We can see that adults and young adults who study abroad in Canada before becoming permanent residents are highly employable—and successful. This is especially true for those who are able to obtain a work permit before securing permanent residency. But studying abroad is not just beneficial to international students. Children who immigrate with their international student parents are also very successful, often attending post-secondary studies and gaining higher employment income.

First, let’s take a look at post-secondary tuition data for 2018. The chart below shows the frequency of post-secondary enrollment for all Canadian tax filers and tax filers who immigrated to Canada as children, based on their age in 2018:Incidence of Post-Secondary Tuition Fees in Tax Filings, 2018At all ages, those who immigrated to Canada as children were more likely to pursue post-secondary education than the general population. In fact, nearly 45% of all tax filers aged 18 to 30 who immigrated as children attended post-secondary institutions in 2018. By contrast, only around 32% of all tax filers in that age group attended a post-secondary institution in 2018.

Completing post-secondary studies is a key factor in increasing long-term earning potential and career opportunities. The following chart shows the median employment income of the same tax filers detailed in the post-secondary education chart:Median Employment Income of Tax Filers, 2018Tax filers who immigrated to Canada as children and were 18 to 24 years old in 2018 made slightly less money, on average, than the general Canadian population. However, for the population of individuals in their mid-20s, the immigrant population was more likely to have higher employment income. The immigrant tax filers earned more employment income than the national average for all age groups 27 and above in 2018.

With the growing popularity of the PGWPP, along with Canada’s world-leading vaccination rates, there’s never been a better time to study in Canada. Next month, I’ll be covering PGWPP trends and statistics in 2020 in more detail. Stay tuned!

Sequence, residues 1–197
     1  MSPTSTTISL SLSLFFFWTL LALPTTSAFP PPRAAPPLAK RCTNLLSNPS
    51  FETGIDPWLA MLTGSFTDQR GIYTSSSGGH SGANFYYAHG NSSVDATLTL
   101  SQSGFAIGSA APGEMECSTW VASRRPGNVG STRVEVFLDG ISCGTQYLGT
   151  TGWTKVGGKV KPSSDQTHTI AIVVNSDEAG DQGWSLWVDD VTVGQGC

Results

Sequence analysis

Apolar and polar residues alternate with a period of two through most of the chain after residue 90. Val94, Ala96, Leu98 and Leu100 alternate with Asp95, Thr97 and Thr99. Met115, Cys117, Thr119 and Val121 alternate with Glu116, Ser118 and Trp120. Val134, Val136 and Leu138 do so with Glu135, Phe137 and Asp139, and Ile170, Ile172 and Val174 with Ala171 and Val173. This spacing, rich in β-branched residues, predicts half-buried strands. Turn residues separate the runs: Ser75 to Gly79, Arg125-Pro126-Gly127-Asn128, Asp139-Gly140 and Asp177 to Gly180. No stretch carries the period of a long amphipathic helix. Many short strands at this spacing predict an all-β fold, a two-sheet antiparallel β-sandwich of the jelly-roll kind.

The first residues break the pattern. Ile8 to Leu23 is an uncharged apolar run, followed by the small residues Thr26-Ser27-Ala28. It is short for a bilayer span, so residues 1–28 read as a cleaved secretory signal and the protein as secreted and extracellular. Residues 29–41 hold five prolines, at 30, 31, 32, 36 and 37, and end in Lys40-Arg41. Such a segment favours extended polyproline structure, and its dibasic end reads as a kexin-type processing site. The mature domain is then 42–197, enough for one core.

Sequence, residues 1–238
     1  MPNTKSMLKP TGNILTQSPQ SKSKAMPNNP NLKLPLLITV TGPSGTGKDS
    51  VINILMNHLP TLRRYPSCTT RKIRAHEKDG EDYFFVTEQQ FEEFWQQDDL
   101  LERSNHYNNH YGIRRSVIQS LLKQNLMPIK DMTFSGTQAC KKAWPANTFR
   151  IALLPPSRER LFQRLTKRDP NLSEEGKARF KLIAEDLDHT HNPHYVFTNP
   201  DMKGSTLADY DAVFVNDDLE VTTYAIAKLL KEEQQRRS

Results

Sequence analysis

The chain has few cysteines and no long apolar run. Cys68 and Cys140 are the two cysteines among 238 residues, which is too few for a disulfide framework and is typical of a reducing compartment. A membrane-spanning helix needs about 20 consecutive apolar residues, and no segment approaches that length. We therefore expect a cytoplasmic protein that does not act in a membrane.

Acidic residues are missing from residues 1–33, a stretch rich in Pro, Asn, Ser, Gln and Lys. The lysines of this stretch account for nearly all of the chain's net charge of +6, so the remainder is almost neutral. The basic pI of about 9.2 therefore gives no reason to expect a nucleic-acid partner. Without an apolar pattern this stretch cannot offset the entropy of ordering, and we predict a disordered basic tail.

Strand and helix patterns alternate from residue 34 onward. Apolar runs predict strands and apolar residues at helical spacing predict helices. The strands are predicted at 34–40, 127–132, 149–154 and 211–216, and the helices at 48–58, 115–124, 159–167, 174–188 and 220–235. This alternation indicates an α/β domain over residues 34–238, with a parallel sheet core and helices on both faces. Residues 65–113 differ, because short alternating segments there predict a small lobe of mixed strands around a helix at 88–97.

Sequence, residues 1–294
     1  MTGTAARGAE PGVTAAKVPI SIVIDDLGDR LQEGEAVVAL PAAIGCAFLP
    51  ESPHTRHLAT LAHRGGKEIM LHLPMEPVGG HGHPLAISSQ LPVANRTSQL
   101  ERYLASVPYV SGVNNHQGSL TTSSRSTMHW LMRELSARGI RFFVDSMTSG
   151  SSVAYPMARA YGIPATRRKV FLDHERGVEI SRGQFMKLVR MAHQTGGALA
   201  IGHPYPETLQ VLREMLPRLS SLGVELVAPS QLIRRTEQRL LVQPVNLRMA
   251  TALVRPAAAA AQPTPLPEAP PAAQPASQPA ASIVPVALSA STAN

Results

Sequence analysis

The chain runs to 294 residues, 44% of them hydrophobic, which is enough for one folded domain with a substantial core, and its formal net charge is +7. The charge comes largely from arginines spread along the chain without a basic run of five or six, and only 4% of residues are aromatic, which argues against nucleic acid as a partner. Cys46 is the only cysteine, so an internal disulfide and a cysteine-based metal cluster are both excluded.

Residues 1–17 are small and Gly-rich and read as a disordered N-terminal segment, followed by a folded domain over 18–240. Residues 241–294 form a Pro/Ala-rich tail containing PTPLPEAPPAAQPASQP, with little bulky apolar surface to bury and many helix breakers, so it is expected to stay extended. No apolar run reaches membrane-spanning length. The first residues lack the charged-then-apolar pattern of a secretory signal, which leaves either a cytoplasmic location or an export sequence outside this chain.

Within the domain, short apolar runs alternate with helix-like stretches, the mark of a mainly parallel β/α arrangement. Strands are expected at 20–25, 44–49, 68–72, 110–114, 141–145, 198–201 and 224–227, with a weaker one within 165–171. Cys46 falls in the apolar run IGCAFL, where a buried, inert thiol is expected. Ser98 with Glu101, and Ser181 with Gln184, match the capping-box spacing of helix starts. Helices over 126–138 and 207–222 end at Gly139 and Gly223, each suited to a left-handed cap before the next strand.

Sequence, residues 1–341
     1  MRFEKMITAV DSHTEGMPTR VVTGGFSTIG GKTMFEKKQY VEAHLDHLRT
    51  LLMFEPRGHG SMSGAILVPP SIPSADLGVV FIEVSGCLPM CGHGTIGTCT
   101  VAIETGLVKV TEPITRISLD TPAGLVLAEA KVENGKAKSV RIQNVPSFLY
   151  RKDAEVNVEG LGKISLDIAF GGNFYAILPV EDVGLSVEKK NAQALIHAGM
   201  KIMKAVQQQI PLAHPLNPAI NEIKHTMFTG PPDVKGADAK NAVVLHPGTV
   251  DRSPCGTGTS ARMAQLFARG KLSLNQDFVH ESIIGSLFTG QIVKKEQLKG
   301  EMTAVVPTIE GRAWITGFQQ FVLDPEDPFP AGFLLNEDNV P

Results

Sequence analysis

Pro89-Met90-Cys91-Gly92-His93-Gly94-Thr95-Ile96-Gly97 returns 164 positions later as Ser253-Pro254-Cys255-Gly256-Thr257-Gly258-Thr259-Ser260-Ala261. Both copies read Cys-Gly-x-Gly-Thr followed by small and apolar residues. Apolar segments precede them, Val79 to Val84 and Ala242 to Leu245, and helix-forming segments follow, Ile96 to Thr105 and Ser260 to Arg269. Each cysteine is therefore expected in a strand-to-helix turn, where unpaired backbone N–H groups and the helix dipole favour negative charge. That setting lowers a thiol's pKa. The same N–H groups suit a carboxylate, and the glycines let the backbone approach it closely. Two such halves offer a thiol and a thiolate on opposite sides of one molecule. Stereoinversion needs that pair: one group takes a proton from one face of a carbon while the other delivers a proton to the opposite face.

Canada Easing Border Restrictions
Canada Easing Border Restrictions

Great news for fully vaccinated international students travelling to Canada! The Government of Canada is easing border restrictions for fully vaccinated travelers entering the country. Starting July 5, 2021 at 11:59 PM EDT, fully vaccinated travelers entering Canada may not have to:

  • Adhere to federal quarantine requirements
  • Take a COVID-19 test on day 8
  • Stay at a government-authorized hotel

This means that fully vaccinated international students who meet the travel requirements on the Government of Canada website and have an approved study permit may be able to avoid the added expense of a government-authorized hotel quarantine and the need for a full 14-day quarantine.

What Does It Mean to Be Fully Vaccinated?

The Government of Canada considers a traveler fully vaccinated if they “have received the full series of a vaccine—or combination of vaccines—accepted by the Government of Canada at least 14 days prior to entering Canada.”